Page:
The diesel motor is now available with a CVT automatic transmission as well but the catch here is the output of the motor. As we all know, traditionally, CVTs are unable to bear high torque levels, and hence the diesel motor has been de-tuned for CVT usage, putting out 80 PS and 160 Nm – these are 20% less than what the same engine delivers with a manual gearbox. On the good side, Honda claims they have worked hard to keep NVH levels acceptable and have achieved both noise and friction reductions here. And in real world driving, this CVT is actually quicker than the more powerful manual diesel – we kid you not! This has been possible as depending on your accelerator inputs, the CVT box drops ratios to be in the correct torque band, pushing the car forward with an impressive punch. Roll-ons is where this set-up works very well, though flat out, the diesel CVT Amaze is not as exciting as its manual counterpart. Talking of which, the Amaze is once again restricted to a true top speed of 140 km/h which translates into 145 on the speedometer. Kitna deti hai? Well, the manual and CVT models are rated at 27.4 kmpl and 23.8 kmpl, respectively.
The 5 speed manual, Amaze Diesel continues to impress me. We had a diesel Amaze back home with over 1.2 lakh km on the clock and this one feels so much better. First, the NVH levels play an important role thanks to factors like improved soundproofing package, an engine undercover, several changes in the engine block and head materials and usage of lightweight materials. Second, the power / torque surge continues to come in early and third, as speeds rise, the Amaze starts to behave like a bigger sedan. This is also essential for those customers who are upgrading from a small hatchback and are looking for that important ‘bigger’ feel.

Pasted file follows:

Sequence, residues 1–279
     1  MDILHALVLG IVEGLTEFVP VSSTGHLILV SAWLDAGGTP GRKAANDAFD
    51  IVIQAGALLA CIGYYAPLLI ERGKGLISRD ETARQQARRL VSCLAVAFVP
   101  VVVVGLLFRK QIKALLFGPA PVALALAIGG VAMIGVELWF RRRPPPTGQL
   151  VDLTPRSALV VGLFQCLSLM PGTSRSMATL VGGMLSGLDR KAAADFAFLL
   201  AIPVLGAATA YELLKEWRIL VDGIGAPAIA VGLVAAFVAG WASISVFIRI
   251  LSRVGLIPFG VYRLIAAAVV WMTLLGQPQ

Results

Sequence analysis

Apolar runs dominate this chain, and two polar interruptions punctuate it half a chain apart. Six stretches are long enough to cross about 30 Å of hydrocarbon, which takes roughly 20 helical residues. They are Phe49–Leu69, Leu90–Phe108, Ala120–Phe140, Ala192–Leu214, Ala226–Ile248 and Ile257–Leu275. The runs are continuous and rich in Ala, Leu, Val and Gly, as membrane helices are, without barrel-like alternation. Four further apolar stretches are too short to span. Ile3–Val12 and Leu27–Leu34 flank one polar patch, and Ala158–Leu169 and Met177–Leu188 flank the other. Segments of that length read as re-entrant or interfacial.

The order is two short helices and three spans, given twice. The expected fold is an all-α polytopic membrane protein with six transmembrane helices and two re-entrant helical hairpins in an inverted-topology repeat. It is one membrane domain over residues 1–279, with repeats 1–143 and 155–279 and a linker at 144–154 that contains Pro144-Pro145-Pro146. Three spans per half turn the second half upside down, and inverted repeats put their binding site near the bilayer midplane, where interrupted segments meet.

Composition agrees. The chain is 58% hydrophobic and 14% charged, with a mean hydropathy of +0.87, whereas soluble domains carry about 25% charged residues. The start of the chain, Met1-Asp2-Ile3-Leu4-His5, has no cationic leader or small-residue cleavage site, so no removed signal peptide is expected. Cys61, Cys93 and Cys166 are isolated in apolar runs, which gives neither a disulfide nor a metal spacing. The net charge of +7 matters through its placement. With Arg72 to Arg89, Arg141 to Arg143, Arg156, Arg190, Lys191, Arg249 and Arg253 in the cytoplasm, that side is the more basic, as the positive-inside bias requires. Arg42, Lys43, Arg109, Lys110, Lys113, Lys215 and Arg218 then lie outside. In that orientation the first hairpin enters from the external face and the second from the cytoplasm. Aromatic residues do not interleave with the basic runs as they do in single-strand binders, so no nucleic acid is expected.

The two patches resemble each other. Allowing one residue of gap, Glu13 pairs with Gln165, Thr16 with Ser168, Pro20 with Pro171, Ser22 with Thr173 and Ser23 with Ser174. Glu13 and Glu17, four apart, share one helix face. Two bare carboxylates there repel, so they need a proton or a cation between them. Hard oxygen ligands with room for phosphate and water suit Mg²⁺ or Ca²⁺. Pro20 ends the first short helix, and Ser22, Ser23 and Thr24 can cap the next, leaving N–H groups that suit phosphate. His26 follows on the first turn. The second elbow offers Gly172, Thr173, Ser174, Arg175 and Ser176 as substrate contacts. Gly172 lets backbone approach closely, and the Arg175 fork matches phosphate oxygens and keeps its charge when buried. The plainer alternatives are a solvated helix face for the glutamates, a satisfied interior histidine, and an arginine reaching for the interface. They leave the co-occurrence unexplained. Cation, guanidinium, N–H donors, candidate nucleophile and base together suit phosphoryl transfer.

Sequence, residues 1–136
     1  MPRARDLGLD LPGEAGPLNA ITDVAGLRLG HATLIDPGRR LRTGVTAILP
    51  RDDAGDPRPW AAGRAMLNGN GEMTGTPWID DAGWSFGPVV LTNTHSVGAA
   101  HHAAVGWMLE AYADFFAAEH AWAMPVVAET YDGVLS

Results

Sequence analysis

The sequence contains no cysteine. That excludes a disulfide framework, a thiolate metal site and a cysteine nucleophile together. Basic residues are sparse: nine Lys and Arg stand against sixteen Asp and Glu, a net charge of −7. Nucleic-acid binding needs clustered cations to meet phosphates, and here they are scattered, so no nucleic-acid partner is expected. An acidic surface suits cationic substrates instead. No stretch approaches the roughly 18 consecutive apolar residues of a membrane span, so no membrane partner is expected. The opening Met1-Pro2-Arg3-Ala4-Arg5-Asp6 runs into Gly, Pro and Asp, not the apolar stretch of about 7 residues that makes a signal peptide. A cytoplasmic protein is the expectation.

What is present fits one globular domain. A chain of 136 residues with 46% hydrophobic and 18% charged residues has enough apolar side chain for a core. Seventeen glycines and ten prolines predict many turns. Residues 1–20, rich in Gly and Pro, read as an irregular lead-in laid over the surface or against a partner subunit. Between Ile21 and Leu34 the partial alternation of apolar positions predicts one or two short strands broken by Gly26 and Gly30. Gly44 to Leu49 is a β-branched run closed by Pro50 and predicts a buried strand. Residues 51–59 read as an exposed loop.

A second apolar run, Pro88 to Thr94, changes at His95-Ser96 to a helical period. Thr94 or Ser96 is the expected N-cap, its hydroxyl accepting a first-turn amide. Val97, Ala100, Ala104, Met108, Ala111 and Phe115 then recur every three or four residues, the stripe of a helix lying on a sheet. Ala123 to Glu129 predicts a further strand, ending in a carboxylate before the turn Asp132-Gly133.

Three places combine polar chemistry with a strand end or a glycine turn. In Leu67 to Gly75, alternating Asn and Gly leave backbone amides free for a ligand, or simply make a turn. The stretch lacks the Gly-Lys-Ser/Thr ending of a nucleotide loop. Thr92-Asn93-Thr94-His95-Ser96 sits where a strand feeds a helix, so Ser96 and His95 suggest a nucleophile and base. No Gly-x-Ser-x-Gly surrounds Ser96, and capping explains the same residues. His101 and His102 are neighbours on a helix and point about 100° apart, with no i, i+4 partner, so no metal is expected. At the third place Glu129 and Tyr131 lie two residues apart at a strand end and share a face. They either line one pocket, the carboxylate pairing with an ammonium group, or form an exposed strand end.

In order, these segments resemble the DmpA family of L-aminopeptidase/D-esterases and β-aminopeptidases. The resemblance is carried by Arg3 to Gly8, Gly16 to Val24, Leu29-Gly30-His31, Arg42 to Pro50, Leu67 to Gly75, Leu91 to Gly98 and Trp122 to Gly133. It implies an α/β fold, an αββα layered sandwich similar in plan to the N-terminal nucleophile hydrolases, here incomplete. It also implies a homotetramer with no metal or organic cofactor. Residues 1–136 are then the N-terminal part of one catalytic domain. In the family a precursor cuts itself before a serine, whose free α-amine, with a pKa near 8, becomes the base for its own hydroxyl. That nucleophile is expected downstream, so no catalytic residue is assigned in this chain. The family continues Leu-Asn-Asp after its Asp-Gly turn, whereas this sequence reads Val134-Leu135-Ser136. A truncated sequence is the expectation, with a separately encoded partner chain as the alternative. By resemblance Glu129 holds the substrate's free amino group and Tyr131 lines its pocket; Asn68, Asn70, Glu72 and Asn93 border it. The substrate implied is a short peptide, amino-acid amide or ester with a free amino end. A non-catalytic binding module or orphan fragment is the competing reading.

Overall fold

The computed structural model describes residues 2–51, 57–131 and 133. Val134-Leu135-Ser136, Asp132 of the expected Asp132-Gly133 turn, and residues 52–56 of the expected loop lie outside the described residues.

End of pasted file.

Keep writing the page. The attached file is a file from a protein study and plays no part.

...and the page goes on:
The new Amaze is based on an all-new platform that also aids the way the Amaze behaves at high speeds. Around the backside of the Bangalore airport on roads with ample bumps and speed breakers, the revised suspension set-up showed its true colors. For technical buffs, what the engineers did was replace the bump stop dumper from natural rubber to urethane. Likewise, the rear suspension geometry has also been changed by optimizing the roll center angle. On the rather empty Bangalore-Hyderabad highway, we did clock some serious speeds and even with three passengers and luggage on board, high speed manners were really impressive. And this includes cross winds as well as overtaking slow moving heavy commercial traffic – the Amaze sticks to its lane though brakes could have offered a better bite – I would blame this on the fact that the car we drove had less than 1000 Km on the odo and I believe the pads will offer their best behavior after a while.
Honda has also made the steering larger and heavier in terms of its weight – even the shaft size has gone up from 22 to 33 mm. This in turn calls for less effort from the driver and though I would not call it feather light, it works well for slow speed driving. High speed manners is something I’ve already discussed above.
The new Amaze also scores top marks in the crucial safety department. Standard features will include dual front airbags, ABS with EBD, child ISOFIX seats, head impact protection cabin and ‘failure reduction body’ – talking of which, the new Amaze meets the upcoming India crash norms and has already passed tests like frontal collision, side collision, rear collision, rear seat occupant protection and pedestrian protection.
And finally the cost of running. Honda will be offering a standard warranty of 3 years / unlimited km along with extended warranty options of 4 and 5 years, again with unlimited usage. This is segment best. The running cost is also lower than that of the Maruti Dzire with the Amaze petrol servicing cost coming to Rs 3,500 and that of diesel to Rs 4,900. This is for the 10,000km service interval. Impressive.
The only thing that remains to be uncovered is the pricing but knowing Honda, we expect the new Amaze to carry the same prices as the outgoing version. And that would answer this question – should you aspire and desire to get the new Amaze home? Well, you will not be disappointed is what I can say at this point of time.